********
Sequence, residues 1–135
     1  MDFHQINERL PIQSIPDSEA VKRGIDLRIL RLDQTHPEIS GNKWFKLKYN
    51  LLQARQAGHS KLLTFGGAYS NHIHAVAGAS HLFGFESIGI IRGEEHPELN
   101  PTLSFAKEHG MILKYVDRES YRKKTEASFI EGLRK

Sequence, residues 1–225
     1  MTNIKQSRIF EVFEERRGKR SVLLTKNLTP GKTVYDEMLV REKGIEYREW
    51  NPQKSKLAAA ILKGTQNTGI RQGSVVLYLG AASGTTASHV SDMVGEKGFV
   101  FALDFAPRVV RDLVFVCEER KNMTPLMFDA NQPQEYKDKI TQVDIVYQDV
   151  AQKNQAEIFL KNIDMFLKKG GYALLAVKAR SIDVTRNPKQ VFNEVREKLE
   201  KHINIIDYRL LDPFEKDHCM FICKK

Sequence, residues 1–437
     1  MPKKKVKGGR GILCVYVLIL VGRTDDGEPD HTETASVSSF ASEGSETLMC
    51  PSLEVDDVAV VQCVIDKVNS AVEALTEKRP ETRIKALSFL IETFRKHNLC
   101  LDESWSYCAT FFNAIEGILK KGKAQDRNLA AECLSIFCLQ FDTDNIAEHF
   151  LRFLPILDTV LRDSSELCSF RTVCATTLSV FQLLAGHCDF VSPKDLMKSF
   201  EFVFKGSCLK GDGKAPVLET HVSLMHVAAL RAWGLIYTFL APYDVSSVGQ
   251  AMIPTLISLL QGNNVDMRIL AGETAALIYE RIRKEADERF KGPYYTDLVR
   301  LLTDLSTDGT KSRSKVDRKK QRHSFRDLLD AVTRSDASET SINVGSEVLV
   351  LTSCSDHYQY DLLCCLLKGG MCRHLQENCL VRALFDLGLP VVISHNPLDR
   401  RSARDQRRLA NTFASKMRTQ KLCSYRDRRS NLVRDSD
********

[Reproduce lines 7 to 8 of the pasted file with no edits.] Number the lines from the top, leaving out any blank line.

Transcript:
    51  NPQKSKLAAA ILKGTQNTGI RQGSVVLYLG AASGTTASHV SDMVGEKGFV
   101  FALDFAPRVV RDLVFVCEER KNMTPLMFDA NQPQEYKDKI TQVDIVYQDV